“BTC […] will become a reserve currency that stands aside and is not controlled by a single nation” – Yoon Kim

While the Chinese government is actively restricting crypto trades, there is massive support within the government for cryptocurrencies and blockchain. This implies that they have a long-term strategy in place, where Bitcoin would be used to dislodge the USD as the global reserve currency. 

In the same way, we’re seeing the causality of the US global economics politics conducted in the past 20 years and its effect on the situation now, there is a good chance that 20 years from now we will have Bitcoin as the reserve currency of the world simply because it will not be controlled by anyone nation and its financial system. 

Should Mr. Kim’s predictions come to be realized, individual and corporate players in this new market that is quickly gaining momentum should be preparing for the shift.


The original article was originally published at Aikon.com


Featured Image Credits: Pixabay

Buying a House with Bitcoin?

Buying a House with Bitcoin?

Want to buy a house with Bitcoin? Here’s what you need to know.

With everyone going cryptocurrency crazy and the value of a single Bitcoin having skyrocketed as high as $19,000, there’s two things guaranteed when you work at a real estate startup:

1. Your parents and non-tech savvy family members will ask you to explain what the hell it is over and over again
2. Tech-savvy buyers who’ve mined their way to Bitcoin and other crypto riches will want to know if there is a way for them to buy a house using Bitcoin

For these questions, we say: “It’s like internet money, Mom.” and “Yes, it’s totally possible to buy a house with Bitcoin.”

Buy a House with Bitcoin

How buying a house with Bitcoin works

If you’re serious about purchasing a house with Bitcoin, there are a few factors that come into play:

The seller has to be down

First, you have to find a seller who is willing to accept Bitcoin as payment for the house. You can use our search to look for the words “Bitcoin” or “Ethereum” or whatever your cryptocurrency of choice happens to be to find potential property matches.

Once you have an accepted offer, the title and escrow companies have to agree to handle the transaction

Even if you are able to find a seller that’s willing to accept your offer in Bitcoin, it can be tricky to find title insurance and escrow companies who feel comfortable handling virtual currency transactions. To take on your home purchase, they may require you to cash out your Bitcoin so that your transaction can be treated more like a traditional house purchase.

This article was previously published on OpenListings.com

Bitcoin: Institutional Investors Using OTC Markets

Bitcoin: Institutional Investors Using OTC Markets

Institutional investors are getting into the Bitcoin market via OTC trading platforms. Currently, the OTC trading market is said to be over two times the size of regulated exchanges with some desks handling over $100 million a day in transactions.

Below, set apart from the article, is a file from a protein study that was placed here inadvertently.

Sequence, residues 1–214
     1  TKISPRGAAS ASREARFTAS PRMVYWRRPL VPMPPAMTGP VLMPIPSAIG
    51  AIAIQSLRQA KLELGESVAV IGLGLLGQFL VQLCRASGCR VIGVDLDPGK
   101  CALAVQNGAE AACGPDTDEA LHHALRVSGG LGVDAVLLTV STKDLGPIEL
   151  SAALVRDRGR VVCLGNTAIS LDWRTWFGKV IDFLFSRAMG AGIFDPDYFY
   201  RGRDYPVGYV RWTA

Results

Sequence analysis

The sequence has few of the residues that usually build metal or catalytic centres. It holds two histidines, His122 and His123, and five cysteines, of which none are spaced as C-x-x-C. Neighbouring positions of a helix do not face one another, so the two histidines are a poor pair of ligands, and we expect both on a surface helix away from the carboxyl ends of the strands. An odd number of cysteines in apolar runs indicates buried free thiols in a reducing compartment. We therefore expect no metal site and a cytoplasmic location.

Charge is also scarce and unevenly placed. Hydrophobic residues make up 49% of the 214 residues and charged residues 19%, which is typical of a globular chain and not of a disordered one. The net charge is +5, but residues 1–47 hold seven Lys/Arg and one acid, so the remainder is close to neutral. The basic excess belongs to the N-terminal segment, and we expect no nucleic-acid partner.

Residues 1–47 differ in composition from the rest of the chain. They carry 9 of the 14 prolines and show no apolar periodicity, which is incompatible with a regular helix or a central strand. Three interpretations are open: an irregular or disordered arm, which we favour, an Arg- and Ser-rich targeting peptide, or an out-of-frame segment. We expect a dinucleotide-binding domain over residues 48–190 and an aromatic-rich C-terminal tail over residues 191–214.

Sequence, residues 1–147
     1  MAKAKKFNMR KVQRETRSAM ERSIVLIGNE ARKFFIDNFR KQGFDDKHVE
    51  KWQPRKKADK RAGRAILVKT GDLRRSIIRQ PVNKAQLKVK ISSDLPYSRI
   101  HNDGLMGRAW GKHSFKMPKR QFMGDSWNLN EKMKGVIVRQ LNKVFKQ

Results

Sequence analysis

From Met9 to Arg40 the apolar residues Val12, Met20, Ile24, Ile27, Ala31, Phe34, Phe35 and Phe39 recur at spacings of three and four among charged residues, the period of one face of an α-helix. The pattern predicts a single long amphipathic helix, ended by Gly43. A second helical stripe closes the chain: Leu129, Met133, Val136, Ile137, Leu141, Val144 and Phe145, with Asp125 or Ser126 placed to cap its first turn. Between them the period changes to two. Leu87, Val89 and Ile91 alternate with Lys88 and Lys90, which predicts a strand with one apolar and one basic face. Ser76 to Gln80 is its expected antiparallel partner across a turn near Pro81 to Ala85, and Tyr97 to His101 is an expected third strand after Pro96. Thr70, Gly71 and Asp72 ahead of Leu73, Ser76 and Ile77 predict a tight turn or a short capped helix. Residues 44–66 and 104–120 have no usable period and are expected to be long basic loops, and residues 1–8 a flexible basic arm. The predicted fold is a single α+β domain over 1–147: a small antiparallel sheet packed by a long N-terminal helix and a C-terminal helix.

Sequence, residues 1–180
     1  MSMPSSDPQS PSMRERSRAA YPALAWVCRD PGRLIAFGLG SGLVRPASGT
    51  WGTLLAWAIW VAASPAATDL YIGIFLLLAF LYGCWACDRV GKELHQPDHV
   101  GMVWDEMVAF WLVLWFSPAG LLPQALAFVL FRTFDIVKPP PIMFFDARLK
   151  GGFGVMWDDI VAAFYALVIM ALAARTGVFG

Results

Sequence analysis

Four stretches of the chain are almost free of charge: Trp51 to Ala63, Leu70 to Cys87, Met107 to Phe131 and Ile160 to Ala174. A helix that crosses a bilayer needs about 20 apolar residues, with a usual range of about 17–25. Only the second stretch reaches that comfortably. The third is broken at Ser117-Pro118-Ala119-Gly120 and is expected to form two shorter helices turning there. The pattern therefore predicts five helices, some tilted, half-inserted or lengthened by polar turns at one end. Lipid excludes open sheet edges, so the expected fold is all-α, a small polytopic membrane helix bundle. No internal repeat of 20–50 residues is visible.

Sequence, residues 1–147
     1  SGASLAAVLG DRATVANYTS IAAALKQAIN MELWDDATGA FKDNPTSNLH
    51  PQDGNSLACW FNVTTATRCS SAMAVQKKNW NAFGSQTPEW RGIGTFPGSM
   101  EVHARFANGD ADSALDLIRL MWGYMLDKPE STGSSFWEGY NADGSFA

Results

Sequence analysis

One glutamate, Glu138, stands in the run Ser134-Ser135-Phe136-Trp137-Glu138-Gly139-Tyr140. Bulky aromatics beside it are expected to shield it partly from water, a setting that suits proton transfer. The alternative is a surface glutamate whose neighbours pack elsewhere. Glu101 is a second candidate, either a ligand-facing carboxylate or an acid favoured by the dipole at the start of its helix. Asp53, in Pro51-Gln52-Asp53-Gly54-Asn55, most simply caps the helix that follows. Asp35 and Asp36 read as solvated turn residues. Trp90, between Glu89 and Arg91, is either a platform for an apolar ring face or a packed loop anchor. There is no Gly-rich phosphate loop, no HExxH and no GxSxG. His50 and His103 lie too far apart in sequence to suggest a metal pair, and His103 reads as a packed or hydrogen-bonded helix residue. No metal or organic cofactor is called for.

However, the entry of more institutional players is huge news for the crypto industry. According to many crypto pundits, institutionalized investors are the missing element needed to kick-start the cryptocurrency price recovery journey. This is after the spectacular price dip that occurred at the beginning of the year, which dragged down the market into a bearish stretch.

According to a report by Bloomberg, institutional investors have already started to invest in the industry, with some buyers currently buying over $100,000 worth of digital currencies through OTC trading platforms. This is as revealed by Bobby Cho, head of trading at Cumberland, which operates an OTC trading platform under DRW Holdings LLC.

In his view, the crypto industry has been waiting for big institutionalized investors to jump on the bandwagon, most likely following a bitcoin ETF, to help prop up the flagging market. But apparently, the big investors are already here, and many are using the OTC crypto industry to make huge buys.

Established crypto mining firms are reportedly also utilizing OTC trading platforms to sell digital coins to institutional investors at higher prices instead of waiting for the rates to go up, and many have their own liquidity desks. According to the Bloomberg report, coins from mining companies apparently command a price premium of up to 20 percent of their prevailing market value. This is because they are what many digital currency investors consider as ‘unadulterated’ crypto assets.

Because the coins are brand new and untainted by illegal activity, they easily meet regulatory requirements imposed by government bodies.

 

OTC Trading

OTC Markets Have Major Advantages for Investors over Crypto Exchanges

According to Cho, many investment firms are choosing to invest in the cryptocurrency industry at this time because of current market stability. It allows for better market prediction and risk evaluation.